Yeah, I’ve cultivated quite a few strong connections with people I already knew but have been able to strengthen my bonds with. I’m really grateful for that. When I went home to Hawaii - where I grew up - I reconnected a lot with old friends. I’ve been on the road my whole life and have loved them from afar, so being able to spend quality time with them was a very important thing to do in a strong relationship.

A Few Stars Apart is such an inward-facing record - when you finished the songs, you performed them for your family and your mum told you that you had “found your voice”. That must have been an important moment sharing such personal tracks with those so close to you?

It was great when she said that because she’s a real tough critic. She won’t pull any punches, so when she told me that I was really happy. It was absolutely an important moment, but you know what, my dad has been sharing his personal tracks with me forever. Some of the vulnerability on his records are a real aching pain that he’s sharing, so I grew up with that openness.

Did this record help you deal with some inner turmoils?

For sure. There’s a reason why you wanna run so hard you never stop. I had to come to terms with why I was running so hard my whole life and what I had to face and confront about myself. Luckily, I had the courage to face my inner demons and doing so has prepared me for a much happier life going forward.

What do you think you learnt from facing your demons head-on?

I learnt that most demons are just your mind creating stories and scenarios that don’t exist. My dad says that 99% of the things you worry about never happen and he’s right. Building the strength to fearlessly take on whatever is in front of you is an ongoing lesson, but I think I have the fundamentals to do it.

So do you feel you’re well-rested now and ready to get on the road again?

Definitely. We’ve got a few shows coming up which is sort of like dipping our toes in the water. Then at the beginning of September, we start a four-month tour.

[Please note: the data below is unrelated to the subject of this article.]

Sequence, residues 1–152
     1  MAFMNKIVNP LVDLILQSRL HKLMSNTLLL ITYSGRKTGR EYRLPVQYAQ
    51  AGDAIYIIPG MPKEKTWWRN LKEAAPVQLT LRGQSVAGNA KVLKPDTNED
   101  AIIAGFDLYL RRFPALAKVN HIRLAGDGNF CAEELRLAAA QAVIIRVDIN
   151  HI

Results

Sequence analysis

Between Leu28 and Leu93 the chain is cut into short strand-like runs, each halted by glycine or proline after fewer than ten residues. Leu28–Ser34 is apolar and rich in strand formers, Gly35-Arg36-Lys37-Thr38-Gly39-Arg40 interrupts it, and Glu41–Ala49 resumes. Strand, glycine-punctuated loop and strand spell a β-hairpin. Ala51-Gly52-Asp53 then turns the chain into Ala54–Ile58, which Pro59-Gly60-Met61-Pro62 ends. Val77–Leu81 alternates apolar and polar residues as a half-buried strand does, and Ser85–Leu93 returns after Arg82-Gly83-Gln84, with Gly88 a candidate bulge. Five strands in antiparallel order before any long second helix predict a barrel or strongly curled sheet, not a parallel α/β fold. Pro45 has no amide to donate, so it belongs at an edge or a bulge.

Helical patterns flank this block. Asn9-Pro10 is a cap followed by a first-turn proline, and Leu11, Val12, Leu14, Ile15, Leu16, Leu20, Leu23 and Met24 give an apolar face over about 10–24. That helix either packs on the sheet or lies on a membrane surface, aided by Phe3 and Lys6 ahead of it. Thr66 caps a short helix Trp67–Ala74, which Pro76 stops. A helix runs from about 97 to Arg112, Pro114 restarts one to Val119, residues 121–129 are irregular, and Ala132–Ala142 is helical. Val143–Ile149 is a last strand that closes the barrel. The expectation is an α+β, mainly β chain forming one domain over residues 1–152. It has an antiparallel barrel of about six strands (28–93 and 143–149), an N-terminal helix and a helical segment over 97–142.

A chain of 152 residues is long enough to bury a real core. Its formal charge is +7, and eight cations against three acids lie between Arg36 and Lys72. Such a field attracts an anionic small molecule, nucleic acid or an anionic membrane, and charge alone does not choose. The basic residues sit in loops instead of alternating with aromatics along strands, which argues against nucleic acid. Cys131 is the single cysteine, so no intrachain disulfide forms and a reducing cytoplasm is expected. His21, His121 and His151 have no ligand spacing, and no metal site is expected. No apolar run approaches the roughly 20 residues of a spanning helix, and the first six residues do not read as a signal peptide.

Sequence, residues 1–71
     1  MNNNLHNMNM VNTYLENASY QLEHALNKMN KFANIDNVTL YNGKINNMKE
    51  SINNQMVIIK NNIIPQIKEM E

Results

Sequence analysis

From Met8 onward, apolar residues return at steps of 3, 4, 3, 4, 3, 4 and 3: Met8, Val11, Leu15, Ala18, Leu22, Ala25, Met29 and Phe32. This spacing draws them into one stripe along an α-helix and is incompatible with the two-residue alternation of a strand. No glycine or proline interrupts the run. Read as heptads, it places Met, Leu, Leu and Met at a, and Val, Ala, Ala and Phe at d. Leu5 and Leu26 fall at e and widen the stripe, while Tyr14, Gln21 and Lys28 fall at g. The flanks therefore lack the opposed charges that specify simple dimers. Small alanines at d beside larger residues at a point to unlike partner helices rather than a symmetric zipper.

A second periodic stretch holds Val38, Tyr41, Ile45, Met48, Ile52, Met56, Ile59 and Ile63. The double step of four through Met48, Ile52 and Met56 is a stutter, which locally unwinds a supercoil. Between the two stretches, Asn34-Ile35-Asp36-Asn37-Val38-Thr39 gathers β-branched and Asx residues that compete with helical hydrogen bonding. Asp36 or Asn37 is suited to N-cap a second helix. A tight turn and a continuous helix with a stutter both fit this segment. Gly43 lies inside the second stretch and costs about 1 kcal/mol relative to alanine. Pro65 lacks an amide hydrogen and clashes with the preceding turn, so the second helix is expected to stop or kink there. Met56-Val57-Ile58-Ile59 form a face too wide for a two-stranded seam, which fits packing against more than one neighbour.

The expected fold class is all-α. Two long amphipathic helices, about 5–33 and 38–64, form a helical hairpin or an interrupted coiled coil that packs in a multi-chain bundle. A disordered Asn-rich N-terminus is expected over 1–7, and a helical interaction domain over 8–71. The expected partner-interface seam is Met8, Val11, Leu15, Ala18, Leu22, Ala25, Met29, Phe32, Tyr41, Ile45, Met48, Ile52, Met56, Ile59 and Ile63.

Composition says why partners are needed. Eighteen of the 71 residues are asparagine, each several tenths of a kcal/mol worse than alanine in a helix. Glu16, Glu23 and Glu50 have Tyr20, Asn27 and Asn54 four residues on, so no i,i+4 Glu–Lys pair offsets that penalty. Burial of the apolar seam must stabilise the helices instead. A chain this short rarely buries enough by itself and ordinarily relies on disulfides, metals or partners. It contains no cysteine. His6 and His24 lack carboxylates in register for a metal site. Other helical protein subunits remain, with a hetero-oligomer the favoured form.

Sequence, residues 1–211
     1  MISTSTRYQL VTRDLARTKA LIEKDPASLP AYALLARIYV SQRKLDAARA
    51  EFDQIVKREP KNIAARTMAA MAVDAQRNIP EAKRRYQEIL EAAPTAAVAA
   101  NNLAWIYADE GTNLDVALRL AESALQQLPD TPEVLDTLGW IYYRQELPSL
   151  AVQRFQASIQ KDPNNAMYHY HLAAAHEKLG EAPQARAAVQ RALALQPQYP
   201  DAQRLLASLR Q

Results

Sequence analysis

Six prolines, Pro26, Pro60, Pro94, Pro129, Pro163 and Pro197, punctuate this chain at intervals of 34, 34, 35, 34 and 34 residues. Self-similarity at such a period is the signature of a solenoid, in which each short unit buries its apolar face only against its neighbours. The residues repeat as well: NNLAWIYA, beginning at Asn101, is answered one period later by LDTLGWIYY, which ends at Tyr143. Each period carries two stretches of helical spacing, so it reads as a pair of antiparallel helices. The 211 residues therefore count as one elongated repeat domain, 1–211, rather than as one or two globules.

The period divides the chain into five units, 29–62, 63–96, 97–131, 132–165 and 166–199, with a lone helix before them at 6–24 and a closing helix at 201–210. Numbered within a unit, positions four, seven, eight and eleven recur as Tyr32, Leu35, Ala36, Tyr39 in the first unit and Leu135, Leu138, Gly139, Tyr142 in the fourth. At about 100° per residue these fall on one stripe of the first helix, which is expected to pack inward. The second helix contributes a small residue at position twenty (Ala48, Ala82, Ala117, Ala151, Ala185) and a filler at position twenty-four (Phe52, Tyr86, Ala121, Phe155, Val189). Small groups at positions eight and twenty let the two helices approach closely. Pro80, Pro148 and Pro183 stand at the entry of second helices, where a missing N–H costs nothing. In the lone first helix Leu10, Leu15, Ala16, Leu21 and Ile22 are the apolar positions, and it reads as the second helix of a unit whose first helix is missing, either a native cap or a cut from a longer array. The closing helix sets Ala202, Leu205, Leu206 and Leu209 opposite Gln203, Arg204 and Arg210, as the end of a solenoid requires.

You’ve been touring with Neil Young for a while and have done a few records with him. Alongside this, of course, you've also played shows with your dad and collaborated with some great musical minds like Dave Cobb. How important is it for you to be able to work with your predecessors and collaborate in this way?

This is the great thing about country music: it’s one of the only genres that really respects its past. I think respect is a big part of country music, even in the outlaw world. Honour among thieves, so to speak. We all know what came before us, and there’s a tradition of singing and telling stories that as country musicians we pass forward.

We collaborate too - it’s what we do as country musicians, and maybe rock and roll ones, too. Neil [Young] has been teaching us a masterclass in rock and roll - combining the primary colours of music from the past to create the secondary colours of contemporary music. I think it makes the world of music a more vibrant and colourful place.

You’re in a great position to be able to have shared those experiences. I’m sure it’s a very valuable thing for you.

I’m in a great position to learn and luckily, I really love to. You’ve got to get out of your own way to do that properly. I’m just soaking everything in and trying to bring myself to the point where I can take on that role of inspiring others.

Lukas Nelson & Promise of the Real's new album, A Few Stars Apart, is out now via Fantasy.